With the warm weather favouring backyard gardeners and water garden enthusiasts, the Columbia Shuswap Invasive Species Society (CSISS) is reminding the public to be careful when selecting plants and animals for their ponds and gardens.
“Water garden species can be lovely, but those with invasive tendencies can cause major problems in your garden as well as the wider environment” says Sue Davies, Aquatic Program Coordinator of CSISS. “When aquatic plants and animals begin to invade, they can totally take over and are extremely difficult to remove. They can create havoc within natural ecosystems and also for human use of waterways. It’s really important to prevent these species getting a toe-hold, and knowing what not to bring into your garden is the key.”
Some species listed on the provincial noxious weed list, such as flowering rush, can sometimes be found in retail garden centres. Flowering rush is regarded as one of the top five worst invasive alien plants in Canada due to its major ecological impact on natural ecosystems. Flowering rush is a species to be on the alert for, as it has already been found in British Columbia but is not yet established. The public is asked to help prevent the spread of this high priority plant by reporting any sightings and by never planting flowering rush in water gardens. Other common water garden species that are considered invasive and should be avoided include knotweed, purple loosestrife, yellow flag iris, parrot’s feather, mountain bluet, periwinkle, goldfish, red-eared slider turtle, and American bullfrog.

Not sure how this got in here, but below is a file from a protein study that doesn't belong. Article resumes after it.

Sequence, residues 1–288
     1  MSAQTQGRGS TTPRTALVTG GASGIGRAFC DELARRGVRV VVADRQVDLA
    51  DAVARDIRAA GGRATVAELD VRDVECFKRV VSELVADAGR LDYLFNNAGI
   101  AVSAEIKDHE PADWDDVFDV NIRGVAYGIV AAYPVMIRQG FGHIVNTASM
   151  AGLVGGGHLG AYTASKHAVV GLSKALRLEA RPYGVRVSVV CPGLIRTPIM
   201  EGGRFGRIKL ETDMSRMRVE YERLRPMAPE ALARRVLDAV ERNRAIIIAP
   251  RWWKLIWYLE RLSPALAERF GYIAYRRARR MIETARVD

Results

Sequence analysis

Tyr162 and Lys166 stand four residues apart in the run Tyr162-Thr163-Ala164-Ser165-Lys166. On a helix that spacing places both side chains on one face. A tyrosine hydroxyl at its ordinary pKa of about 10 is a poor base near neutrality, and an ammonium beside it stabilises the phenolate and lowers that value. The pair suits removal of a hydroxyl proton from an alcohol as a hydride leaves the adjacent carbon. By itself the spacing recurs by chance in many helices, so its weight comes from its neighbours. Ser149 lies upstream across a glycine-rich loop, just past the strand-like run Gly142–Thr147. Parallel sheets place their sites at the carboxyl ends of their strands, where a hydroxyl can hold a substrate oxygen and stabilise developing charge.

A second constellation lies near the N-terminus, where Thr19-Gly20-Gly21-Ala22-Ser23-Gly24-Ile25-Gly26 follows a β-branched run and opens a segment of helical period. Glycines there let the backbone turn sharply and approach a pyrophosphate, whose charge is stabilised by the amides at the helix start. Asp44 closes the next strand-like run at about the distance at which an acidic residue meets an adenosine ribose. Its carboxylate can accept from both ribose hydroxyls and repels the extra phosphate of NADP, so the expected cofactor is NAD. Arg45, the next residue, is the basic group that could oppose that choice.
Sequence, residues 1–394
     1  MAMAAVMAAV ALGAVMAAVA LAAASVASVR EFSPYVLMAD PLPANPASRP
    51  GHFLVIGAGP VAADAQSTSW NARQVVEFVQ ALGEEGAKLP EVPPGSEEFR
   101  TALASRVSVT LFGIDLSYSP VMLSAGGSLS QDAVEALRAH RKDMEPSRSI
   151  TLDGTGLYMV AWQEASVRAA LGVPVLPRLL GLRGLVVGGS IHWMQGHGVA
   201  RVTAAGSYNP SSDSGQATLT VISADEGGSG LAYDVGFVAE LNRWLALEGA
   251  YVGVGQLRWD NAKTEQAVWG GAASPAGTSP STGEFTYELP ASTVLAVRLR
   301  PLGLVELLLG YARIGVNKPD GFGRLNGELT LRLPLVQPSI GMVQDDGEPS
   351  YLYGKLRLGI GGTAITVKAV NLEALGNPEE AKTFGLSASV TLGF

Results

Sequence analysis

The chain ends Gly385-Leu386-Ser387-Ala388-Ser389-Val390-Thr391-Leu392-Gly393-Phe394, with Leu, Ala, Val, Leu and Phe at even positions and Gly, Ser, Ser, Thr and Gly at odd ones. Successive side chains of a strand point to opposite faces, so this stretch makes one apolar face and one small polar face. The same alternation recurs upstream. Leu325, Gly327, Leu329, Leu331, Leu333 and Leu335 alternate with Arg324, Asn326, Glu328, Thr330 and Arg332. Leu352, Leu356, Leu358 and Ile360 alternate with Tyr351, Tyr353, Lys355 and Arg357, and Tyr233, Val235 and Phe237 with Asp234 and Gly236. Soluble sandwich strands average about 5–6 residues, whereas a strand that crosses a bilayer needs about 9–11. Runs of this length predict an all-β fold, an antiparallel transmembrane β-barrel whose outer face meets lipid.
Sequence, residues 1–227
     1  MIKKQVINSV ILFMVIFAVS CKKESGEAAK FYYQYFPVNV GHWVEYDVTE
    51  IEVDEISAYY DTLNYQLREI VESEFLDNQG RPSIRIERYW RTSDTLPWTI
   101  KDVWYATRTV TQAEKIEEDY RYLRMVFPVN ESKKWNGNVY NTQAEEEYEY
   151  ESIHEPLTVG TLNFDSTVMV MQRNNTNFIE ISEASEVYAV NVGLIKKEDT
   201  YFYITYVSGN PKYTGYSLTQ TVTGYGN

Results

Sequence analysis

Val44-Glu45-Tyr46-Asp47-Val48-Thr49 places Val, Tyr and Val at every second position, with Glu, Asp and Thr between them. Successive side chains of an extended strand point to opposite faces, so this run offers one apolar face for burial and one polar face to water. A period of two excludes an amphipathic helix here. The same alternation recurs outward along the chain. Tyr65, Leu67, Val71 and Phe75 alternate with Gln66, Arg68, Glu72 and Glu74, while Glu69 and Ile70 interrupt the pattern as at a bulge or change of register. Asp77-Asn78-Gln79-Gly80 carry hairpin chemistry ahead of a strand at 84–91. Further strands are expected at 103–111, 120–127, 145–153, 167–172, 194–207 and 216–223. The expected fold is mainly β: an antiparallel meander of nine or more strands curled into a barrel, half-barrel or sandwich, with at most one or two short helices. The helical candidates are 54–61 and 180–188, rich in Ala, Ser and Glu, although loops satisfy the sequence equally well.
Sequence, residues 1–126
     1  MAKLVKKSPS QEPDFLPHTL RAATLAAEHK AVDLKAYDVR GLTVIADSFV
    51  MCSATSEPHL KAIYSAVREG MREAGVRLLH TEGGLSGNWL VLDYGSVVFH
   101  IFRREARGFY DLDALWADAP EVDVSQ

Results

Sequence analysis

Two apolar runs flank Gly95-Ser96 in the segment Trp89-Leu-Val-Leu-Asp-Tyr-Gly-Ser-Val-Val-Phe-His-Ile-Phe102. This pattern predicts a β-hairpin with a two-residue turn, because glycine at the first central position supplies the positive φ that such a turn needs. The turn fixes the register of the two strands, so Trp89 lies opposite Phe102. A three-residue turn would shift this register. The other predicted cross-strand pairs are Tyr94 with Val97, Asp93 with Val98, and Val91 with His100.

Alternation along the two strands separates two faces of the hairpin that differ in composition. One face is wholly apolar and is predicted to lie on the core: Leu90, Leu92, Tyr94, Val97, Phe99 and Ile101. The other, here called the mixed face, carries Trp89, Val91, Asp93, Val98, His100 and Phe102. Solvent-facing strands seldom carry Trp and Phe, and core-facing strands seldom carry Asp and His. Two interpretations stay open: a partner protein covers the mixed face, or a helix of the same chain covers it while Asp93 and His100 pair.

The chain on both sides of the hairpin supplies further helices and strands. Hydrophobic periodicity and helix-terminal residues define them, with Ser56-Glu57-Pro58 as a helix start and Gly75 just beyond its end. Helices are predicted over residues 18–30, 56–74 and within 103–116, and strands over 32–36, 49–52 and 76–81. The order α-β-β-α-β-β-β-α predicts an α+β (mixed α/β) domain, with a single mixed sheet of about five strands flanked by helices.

Following the Invasive Species Council of BC’s popular PlantWise and Don’t Let It Loose programs, CSISS urges the public to garden using only non-invasive species to prevent the spread of unwanted and invasive plants and animals into the environment. The public can access resources and information by visiting CSISS’s website at www.columbiashuswapinvasives.org.
The cost of invasive species to Canada is between $16.6 billion and $34.5 billion per year. In British Columbia, just six invasive plant species caused an estimated combined damage of at least $65 million in 2008. With further spread, impacts will more than double to $139 million by 2020.